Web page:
The result was the establishment or expansion of numerous vertically structured international production networks, many of which extended over several different countries. According to UNCTAD, “it has been estimated, on the basis of input-output tables from a number of OECD and emerging-market countries, that trade based on specialization within vertical production networks accounts for up to 30 percent of world exports, and that it has grown by as much as 40 percent in the last 25 years.”18

Despite the fierce third world competition to attract FDI, transnational corporations tended to concentrate their investments in only a few countries. In general, U.S. capital emphasized North America (NAFTA), while Japanese capital focused on East Asia, and European capital on Central Europe. The countries that “lost out” in the FDI competition were generally forced to manage their trade and finance problems with austerity. Those countries that “won” usually experienced a relatively fast industrial transformation. More specifically, they became major exporters of manufactures, especially of high-technology products such as transistors and semiconductors, computers, parts of computers and office machines, telecommunications equipment and parts, and electrical machinery.

As a consequence of this development, the share of third world exports that were manufactures soared from 20 percent in the 1970s and early 1980s, to 70 percent by the late 1990s.19 The third world share of world manufacturing exports also jumped from 4.4 percent in 1965 to 30.1 percent in 2003.20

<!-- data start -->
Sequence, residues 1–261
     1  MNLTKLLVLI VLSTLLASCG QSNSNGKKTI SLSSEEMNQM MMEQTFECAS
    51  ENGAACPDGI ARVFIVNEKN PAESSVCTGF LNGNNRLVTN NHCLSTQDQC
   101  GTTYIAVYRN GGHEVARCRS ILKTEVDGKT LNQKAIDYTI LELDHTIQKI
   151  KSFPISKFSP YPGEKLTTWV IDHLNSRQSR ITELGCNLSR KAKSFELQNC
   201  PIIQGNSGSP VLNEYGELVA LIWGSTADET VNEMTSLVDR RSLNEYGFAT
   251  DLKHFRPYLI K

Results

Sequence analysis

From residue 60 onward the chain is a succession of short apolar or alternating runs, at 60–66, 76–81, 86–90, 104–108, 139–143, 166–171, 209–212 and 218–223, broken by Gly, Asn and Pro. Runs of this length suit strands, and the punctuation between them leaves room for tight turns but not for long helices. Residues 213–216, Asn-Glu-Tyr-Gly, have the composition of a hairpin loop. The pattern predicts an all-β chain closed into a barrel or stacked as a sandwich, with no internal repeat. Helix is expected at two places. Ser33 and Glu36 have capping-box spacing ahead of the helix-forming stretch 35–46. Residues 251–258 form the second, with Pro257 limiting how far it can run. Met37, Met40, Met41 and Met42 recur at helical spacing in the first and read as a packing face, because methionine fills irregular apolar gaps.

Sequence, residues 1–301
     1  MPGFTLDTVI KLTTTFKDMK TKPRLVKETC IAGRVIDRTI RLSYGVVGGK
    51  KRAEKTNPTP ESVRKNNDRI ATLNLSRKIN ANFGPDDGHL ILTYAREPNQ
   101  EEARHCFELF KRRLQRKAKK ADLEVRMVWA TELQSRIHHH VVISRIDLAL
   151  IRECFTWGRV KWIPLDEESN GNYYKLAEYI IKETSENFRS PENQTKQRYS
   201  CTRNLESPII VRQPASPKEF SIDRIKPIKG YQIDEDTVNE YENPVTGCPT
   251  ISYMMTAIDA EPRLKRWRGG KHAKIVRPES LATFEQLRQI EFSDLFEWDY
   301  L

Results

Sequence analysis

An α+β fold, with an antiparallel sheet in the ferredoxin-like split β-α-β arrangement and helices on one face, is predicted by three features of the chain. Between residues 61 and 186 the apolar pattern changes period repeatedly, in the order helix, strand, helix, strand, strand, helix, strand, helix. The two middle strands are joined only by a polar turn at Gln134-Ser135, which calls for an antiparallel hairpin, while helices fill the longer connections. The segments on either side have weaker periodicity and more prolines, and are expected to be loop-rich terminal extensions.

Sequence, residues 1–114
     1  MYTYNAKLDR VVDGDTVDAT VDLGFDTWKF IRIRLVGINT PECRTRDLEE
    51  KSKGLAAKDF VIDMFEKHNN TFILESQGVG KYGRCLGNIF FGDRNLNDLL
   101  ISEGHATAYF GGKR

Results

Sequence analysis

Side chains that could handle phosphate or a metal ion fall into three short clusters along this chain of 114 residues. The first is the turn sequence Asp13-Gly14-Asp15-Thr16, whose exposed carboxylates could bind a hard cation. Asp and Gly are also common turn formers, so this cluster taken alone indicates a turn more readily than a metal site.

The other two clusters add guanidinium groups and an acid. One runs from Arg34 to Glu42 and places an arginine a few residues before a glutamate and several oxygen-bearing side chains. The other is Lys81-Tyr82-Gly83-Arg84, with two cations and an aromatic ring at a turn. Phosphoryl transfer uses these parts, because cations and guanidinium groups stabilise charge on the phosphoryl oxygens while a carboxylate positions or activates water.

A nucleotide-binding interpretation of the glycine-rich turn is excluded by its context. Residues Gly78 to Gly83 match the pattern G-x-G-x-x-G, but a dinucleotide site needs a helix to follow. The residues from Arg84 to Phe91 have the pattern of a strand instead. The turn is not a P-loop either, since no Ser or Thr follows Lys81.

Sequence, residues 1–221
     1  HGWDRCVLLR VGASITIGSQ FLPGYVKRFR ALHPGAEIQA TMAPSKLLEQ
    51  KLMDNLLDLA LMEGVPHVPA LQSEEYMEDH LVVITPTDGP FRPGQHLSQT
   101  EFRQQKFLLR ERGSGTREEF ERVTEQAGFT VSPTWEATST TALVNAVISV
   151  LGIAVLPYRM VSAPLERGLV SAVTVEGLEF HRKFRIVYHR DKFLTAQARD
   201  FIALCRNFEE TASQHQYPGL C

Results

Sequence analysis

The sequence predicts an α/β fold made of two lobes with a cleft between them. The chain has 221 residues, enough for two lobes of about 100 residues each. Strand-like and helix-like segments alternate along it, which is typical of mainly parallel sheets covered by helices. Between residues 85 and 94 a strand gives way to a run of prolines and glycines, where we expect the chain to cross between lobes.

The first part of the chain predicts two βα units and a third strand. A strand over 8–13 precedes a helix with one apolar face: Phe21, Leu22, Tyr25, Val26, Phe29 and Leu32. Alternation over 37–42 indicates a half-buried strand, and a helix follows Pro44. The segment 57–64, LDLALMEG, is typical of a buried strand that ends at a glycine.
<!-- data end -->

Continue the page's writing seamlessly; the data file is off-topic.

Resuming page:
Mainstream economists claim that this rise in manufactured exports demonstrates the benefits of liberalization, and thus the importance of WTO-style liberalization agreements for development. However, this argument falsely identifies FDI and exports of manufactures with development, thereby seriously misrepresenting the dynamics of transnational capital accumulation. The reality is that participation in transnational corporate controlled production networks has done little to support rising standards of living, economic stability, or national development prospects.

There are many reasons for this failure. First, those countries that have succeeded in attracting FDI have usually done so in the context of liberalizing and deregulating their economies. This has generally resulted in the destruction of their domestic import-competing industries, causing unemployment, a rapid rise in imports, and industrial hollowing out. Second, the activities located in the third world rarely transfer skills or technology, or encourage domestic industrial linkages. This means that these activities are seldom able to promote a dynamic or nationally integrated process of development. Furthermore the exports produced are highly import dependent, thereby greatly reducing their foreign exchange earning benefits.